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Youth trained in waste and land issues

Tuesday February 20, 2018 Written by Published in Local
Jaime Short presenting at the New Hope Hall in front of school students from Tereora, Nukutere and Imanuela. 18021618 Jaime Short presenting at the New Hope Hall in front of school students from Tereora, Nukutere and Imanuela. 18021618

Last Wednesday at the New Hope Hall, WATSAN director Jaime Short educated Cook Islands youths about the dangers of poor waste management and land degradation, and what they can do to prevent it.


Presenting at the Youth Empowerment for Education for Sustainable Development, Short laid out the issues that they face in dealing with waste management, as well as a possible solution.

“Here, we have a small population, which means we have a low economic base to support services, and often waste management is out of sight, out of mind,” Short said.

“It gets neglected until it is a bit too late, and the damage is done, and if not properly managed, waste can be polluting.”

The problems are worse on the outer islands, as the costs for shipping is prohibitive, and the land to dispose of garbage is scarce.

One of Short’s solutions was the Advanced Disposal Fee (ADF), which would help out with shipping costs, encourage recycling while also putting a bit of money in consumer’s pockets.

“We get a product, say a 600ml bottle of Coke, and when it enters the country, we place a fee on top of it, that will pay for its disposal, as well as a refund,” Short explained.

“Average cost of the bottle is under $4.00. 10c would be the refunded to you when you take it to a recycling depot or machine, 1c is a recycling handling fee for the recycling company and 4c is retained for waste management systems and infrastructure.”

When the bottle arrives in the country, customs would charge the importer 15c, which is then added to the cost of the bottle when purchased.

Once the bottle is finished, if brought back to a recycling depot or a reserve vending machine, 10c will be rewarded.

“Then, the recycler from that claims from that recycling fund 11c, which is the 10c refund and the 1c handling fee. What is retained for each 600m bottle is 4c per bottle.”

That may not sound like much, she said, but just from one importers figures (of 600ml, 1.5L bottles and 335ml cans), the ADF would provide almost $86,000.

Money like that would be incredibly useful, and Short believed that it would go a long way to ridding the islands of the stockpiles of waste that have built up.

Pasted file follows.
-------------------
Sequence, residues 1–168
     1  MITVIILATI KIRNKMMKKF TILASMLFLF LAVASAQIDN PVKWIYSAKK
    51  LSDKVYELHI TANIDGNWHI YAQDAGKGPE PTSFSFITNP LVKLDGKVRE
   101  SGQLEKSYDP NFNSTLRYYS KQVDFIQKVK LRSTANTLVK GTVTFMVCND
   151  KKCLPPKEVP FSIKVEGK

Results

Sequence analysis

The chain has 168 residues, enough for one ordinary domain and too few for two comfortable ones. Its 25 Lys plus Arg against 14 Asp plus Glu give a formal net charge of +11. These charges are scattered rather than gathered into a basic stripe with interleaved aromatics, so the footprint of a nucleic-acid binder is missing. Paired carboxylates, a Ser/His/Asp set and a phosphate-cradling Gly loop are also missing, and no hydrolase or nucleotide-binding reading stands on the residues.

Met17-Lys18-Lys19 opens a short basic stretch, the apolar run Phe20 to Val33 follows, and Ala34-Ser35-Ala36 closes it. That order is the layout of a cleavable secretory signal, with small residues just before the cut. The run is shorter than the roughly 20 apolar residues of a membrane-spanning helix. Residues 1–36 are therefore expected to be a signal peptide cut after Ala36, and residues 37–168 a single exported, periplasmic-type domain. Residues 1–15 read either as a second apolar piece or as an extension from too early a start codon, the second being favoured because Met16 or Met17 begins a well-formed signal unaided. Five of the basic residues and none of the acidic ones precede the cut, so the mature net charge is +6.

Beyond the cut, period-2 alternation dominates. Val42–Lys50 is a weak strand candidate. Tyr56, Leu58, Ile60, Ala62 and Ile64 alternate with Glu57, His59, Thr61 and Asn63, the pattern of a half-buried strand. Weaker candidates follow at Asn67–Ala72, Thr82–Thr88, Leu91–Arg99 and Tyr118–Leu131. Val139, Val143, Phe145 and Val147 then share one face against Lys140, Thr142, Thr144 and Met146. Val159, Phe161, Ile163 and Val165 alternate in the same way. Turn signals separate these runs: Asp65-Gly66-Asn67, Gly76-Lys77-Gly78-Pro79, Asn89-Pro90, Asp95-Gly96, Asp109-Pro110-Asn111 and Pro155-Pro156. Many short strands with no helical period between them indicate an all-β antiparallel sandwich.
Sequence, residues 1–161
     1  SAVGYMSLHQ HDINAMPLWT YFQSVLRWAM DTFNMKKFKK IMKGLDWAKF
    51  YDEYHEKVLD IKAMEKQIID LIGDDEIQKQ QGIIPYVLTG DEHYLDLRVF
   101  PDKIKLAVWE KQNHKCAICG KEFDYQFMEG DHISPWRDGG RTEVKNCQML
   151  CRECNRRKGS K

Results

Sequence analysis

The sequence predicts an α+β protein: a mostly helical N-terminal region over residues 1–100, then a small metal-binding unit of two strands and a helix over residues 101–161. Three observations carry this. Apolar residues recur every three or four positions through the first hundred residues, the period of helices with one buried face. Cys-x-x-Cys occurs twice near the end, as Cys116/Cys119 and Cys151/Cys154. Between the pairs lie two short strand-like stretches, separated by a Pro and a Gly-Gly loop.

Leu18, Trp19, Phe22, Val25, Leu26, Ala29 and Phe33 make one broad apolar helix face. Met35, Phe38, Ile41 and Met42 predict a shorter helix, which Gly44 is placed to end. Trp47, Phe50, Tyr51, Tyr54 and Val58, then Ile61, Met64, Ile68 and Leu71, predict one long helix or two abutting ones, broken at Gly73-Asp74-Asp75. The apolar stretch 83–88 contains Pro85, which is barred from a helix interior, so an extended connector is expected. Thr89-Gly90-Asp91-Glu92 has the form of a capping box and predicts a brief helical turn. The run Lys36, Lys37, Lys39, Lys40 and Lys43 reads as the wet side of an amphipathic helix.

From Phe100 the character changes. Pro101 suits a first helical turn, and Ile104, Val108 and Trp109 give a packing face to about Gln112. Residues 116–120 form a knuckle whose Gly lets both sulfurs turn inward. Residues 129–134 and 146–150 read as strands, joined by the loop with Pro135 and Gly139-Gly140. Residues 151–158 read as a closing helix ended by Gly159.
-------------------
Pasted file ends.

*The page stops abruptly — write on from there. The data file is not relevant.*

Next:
“The ADF gives us three advantages; It gives us a fund to carry out positive services to the public and country, provides an incentive to not litter, as well as to separate recyclables.”

She also said that it could be a useful tool for fundraising, or for the unemployed.

The incentive to properly dispose of plastic would also hopefully encourage people to stop burning plastic, as it is an incredibly dangerous method that is carcinogenic (cancer-causing).

Something like the ADF was a necessity for the Cook Islands, as large-scale projects that take place overseas were unrealistic if they were held here.

“We need to be practically sustainable, because often times we don’t plan well or operate within our means. So the key is to control what’s coming in.”

One of the keys to achieving that is to operate by the four R’s – refuse, reduce, reuse and recycle.

If this was abided by, 65 per cent of the waste in the landfill could have been diverted for composting or recycling.

Instead, the landfill is essentially full, meaning that rubbish has to be stacked.

Next, Short moved onto land degradation and explained how human activity had unsurprisingly produced ill effects on the natural environment.

“In the natural world, we have trees and shrubs protecting the ground, trees provide a buffer between the ground and anything falling from above,” Short explained.

“Big rain drops that are falling turn into smaller rain drops, and the sunlight is also diffused.”

Once the natural protection is removed, the ground gets pounded by the rain and the sun, which spreads out the particles, breaking up the ground that will then wash downward, which produces land overflows and flooding.

She suggested that instead of cutting down every tree, the area of tree and ground cover removal should be limited, unless it was absolutely necessary.

Sediment tracks, covering soil with textile covers and replanting natural, native plants were all other solutions that Short offered as a way to mitigate the damage done to the environment.

“Sometimes it’s impossible to avoid cutting or removing native plants. But where it’s not, we can try and control the outcomes.”

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